Amit Singhal, Google VP and Senior Search Engineer said, in an article in The Telegraph this week (“Google develops computer inspired by Star Trek“):
“Why should someone stop their conversation because they’re missing a tiny piece of information that you need to take that conversation further?” said Mr Singhal. “You have to pull out your phone. You have to unlock the phone. You have to type. Already you have lost valuable seconds and the conversation has become unnatural and awkward.”
And this is where Google thinks computing, and the power/operation of ‘searching’ for content, is heading – that the devices in our pockets, lives, even glasses (Google Glasses?) will be able to follow our conversations and be in a position to provide answer to our questions as we ask them, not after we perform the time consuming search.
While this may work for a dinner party or conservation in the pub, how will this affect the relationship between student and educator? Used properly and in context we can engineer situations where the students are required to not only find the content but also learn to form the question properly in the first place (isn’t this where we ought to be already?), as well as be able to feed their findings and work back into the world wide web to expand the breadth of knowledge and context for this information, for the next person to use.
What kind of impact does this have on the kind of projects or assessment that we ask students to engage in? If the answers are presented to the students before a full understanding of the issues, problems, or scope of work is realised then are the students actually learning anything other than how to work the system? Is ‘ubiquitous computing’ good for education? In recent years we’ve seen developments in technology enhanced learning (TEL) abound in unforeseen speeds and directions with new mobile computing, and TEL has risen to the challenge and embraced them – for this I’m sure we’ll work with these developments, but part of me is thinking that, for the sake of progress, we’re making it too easy?
What do you think?
Here are some further links that are worth reading in an around ubiquitous computing:
“The idea behind ubiquitous computing is to surround ourselves with computers and software that are carefully tuned to offer us unobtrusive assistance as we navigate through our work and personal lives.”
“Moreover, our definition of ubiquitous computing includes the idea that both teachers and students are active participants in the learning process, who critically analyze information, create new knowledge in a variety of ways (both collaboratively and individually), communicate what they have learned , and choose which tools are appropriate for a particular task.”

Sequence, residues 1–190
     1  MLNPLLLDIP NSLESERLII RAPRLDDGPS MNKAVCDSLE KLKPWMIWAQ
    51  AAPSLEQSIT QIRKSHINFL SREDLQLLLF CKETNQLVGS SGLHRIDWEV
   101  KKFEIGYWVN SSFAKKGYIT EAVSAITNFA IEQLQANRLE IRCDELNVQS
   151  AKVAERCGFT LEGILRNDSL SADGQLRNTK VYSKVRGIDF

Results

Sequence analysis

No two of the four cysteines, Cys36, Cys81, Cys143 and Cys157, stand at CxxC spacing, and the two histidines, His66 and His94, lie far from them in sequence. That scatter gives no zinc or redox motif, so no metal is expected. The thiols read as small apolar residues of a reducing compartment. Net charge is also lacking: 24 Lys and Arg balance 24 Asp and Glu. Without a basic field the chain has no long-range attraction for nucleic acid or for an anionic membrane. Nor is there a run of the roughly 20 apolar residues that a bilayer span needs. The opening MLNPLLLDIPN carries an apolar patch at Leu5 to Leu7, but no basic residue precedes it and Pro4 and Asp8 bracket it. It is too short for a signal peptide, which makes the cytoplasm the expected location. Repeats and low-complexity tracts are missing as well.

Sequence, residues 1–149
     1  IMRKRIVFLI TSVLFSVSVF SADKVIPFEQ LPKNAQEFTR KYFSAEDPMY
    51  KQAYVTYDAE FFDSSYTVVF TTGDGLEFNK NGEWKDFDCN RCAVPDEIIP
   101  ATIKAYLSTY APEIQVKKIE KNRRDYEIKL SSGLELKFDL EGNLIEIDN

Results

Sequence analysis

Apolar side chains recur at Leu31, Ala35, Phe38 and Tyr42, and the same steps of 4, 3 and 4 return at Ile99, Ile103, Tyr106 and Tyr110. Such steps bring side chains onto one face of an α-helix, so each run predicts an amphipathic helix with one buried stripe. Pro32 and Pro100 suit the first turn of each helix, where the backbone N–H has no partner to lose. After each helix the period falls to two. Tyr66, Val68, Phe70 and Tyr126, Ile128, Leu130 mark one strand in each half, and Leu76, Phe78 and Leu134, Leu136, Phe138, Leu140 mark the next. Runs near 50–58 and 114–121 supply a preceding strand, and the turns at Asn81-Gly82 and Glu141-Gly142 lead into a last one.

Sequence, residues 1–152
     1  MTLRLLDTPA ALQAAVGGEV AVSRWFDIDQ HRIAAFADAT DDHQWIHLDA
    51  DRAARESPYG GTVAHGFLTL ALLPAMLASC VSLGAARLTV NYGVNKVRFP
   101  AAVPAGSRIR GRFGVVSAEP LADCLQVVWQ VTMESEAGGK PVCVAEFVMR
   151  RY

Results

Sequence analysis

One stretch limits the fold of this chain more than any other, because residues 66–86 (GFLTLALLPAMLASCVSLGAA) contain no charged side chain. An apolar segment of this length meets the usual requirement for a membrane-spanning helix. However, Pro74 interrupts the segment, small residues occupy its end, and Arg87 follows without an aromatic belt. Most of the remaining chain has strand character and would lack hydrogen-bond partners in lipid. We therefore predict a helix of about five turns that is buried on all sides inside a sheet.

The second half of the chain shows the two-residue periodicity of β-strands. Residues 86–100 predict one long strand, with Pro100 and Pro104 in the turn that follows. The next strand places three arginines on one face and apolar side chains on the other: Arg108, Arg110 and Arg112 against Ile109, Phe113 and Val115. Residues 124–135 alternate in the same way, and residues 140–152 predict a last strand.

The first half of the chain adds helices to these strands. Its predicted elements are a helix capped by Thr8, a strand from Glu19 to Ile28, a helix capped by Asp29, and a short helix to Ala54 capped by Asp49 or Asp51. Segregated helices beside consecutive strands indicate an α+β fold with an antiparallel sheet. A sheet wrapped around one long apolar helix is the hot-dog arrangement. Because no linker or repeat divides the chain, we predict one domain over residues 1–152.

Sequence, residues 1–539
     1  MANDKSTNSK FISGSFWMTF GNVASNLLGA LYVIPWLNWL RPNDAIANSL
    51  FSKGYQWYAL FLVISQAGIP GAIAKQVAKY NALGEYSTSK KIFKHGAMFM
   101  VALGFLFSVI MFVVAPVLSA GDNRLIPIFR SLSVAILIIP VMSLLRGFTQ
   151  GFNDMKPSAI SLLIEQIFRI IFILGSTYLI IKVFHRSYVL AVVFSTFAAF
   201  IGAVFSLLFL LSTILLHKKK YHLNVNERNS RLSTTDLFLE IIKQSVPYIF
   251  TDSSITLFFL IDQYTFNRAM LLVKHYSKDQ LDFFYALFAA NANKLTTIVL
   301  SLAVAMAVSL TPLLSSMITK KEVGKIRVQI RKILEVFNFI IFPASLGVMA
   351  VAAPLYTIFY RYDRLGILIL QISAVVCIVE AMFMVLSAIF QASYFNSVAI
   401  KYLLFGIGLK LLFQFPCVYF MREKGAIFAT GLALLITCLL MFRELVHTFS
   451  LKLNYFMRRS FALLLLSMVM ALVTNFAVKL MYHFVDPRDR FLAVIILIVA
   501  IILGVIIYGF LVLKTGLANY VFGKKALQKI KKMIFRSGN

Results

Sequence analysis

“The shift to the pervasive computing paradigm brings forth new challenges to security and privacy, which cannot be addressed by mere adaptation of existing security and privacy mechanisms. Unless security concerns are accommodated early in the design phase, pervasive computing environments will be rife with vulnerabilities and exposures.”
“What is really sought is for the user to concentrate on the task rather than on the tool. The Ubiquitous Computing vision proposes the invisible computer and yet at the same time it also advocates its omnipresence, as it approaches users with more intuitive and natural interfaces. The main goal is to distribute the computer around the workplace, creating more versatile devices for solving simple processes, using wireless communications – all this as an aide to us in our daily activities. Thus we will transfer computer capabilities to the environment.”
“This paper reports on preliminary findings from an ongoing study of teaching and learning in a ubiquitous computing classroom. The research employed mixed methods and multiple measures to document changes in teaching and learning that result when teachers and students have access to a variety of digital devices wherever and whenever they need them. It identifies ways in which ubiquitous computing environments can support both individual and social construction of knowledge, and the role that unique representations of knowledge supported by a variety of ready-at-hand digital devices can play in such support.”